Signos / Fernando Rodríguez


Signs that we have become a degraded country cut into pieces are everywhere. One of the best emblems of this, tangible and visible, are the innumerable red shirts worn by the citizens who have access to missions and other governmental social programs.

Red unequivocably representative of governmental militancy.

The perversion is deep and evident. One can only accede to relief welfare or the cooperatives or the parallel universities or public sector jobs and to quite a few other things if one is aligned with the regime and submits to its rituals and cults. And that alignment must be visible, it can't be in pectore—pity on those who have to uniform themselves out of pure necessity. The missions were invented out of nothing, spoken by the great helmsman himself, in order to avoid a decapitation in the 2004 referendum, in other words, toward electoral, political, sectarian ends. Thus, their hybridization since birth with the functions of the State, which are by nature intended for all Venezuelans, pointing to the missions' aberrantly exclusionary character. Nothing hidden then.

But there is something sinister in that gregarious homogenization, in that civil troop, in that red herd. Something that attempts against today's sensibility which, even within consumption itself, tends toward individuality.

(Let us speak of good individuality, that which revindicates us as unique, thoughtful and critical beings and which doesn't annul our republican and altruistic sentiments.) Something that would seem to lead to the society of masses in its worst acceptation, the politicized.

The one that the previous century lived so intensely and extensively, of the fascist shirts or the uniformed and grey Chinese of other times. Or the same soldiers as always, olive green flocks submitted to the most severe disciplinary codes. Because that homogenization of our corporeity implies the homogeneity of our minds, the single idea, the command and the monochord collective chorus of unthinking acceptance.

And from this leveling of differences another notable sign of the country we live is inferred: the cult of personality. Let's not repeat the matter of the concentration of power and the single and caudillo-like voice that can do and decide everything. Here we wanted to underline that which so diaphanously, we continue with transparency, provides evidence of autocracy: the cult of personality. That fetishizing, humiliating attitude, which is another cession of the I, the renunciation of being our own masters, of our only life and our guaranteed death. Wherever one looks the signs of that illness are beginning to be felt. And let us not focus on that spontaneous cult that is born of the masses and which the demagogue foments.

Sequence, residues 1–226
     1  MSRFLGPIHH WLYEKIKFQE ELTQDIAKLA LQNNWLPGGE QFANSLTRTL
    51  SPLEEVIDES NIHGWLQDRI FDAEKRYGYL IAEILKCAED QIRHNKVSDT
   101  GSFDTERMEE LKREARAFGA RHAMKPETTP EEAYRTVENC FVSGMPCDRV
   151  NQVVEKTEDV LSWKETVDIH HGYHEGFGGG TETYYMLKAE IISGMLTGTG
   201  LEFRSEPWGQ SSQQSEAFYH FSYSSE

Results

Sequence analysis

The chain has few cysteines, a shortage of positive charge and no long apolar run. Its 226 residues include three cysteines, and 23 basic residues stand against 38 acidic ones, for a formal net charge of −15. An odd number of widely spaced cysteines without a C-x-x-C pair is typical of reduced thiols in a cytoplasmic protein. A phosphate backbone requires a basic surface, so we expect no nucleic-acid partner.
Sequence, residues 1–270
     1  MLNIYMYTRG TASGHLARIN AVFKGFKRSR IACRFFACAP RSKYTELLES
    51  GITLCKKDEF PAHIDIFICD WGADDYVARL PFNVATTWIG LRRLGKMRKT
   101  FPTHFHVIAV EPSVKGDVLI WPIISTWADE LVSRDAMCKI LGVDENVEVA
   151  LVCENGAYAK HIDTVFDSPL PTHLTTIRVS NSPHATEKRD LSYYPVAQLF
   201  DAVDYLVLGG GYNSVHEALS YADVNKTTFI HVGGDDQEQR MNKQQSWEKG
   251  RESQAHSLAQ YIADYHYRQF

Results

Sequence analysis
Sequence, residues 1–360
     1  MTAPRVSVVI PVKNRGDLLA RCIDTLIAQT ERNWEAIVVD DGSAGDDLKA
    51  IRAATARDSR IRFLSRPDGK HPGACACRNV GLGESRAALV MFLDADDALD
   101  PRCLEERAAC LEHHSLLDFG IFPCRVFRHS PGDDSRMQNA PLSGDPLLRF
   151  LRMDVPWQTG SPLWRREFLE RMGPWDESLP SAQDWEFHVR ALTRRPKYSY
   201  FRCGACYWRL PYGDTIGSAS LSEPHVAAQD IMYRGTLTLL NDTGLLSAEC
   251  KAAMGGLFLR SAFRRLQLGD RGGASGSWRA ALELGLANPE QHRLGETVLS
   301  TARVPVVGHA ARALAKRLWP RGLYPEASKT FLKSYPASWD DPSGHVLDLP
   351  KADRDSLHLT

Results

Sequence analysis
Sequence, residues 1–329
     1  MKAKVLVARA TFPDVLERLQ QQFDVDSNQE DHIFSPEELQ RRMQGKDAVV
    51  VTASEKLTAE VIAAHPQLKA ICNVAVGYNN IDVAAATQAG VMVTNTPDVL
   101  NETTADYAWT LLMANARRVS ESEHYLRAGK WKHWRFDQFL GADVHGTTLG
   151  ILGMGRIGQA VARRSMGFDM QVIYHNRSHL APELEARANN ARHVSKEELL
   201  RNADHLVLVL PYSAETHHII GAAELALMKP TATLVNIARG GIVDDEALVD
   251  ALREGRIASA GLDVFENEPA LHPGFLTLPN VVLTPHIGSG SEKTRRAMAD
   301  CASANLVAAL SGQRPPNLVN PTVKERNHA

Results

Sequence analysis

I am referring to other things, to the Sunday coven [the Aló Presidente! weekly TV program], to the declarative silence of high officials in order to not attenuate the single voice, to the illegible laudatory books, to the public scoldings and mea culpas so that nothing will stain the leader's purity. And also to the induced industry of all types of effigies, from the sticker to the children's doll and the scapulary. But I fear we will move to a larger scale, to public monuments, made directly or indirectly for the glory of el proceso and its high priest. TalCual recently reported the proposal of the mayorship of Caracas to create a contest of works dedicated to Latin American integration, where president Chávez would have his deserved spot, just what we needed.

Like the majority of people, I suppose, I have lamented the atrocious destruction of public works of art, by means of culpable negligence or intentional actions such as the incident with the statue of Columbus. But I think I fear even more what could be built from now on—after all, the demolished works can be rebuilt someday—and that we will soon have absurdity in abundance, catering to military taste and for the glory of el proceso.

Those uniformed in red as in their minds and the altars of a cult are two faces of tribal barbarism.

{ Fernando Rodríguez, TalCual, 7 November 2005 }

No comments: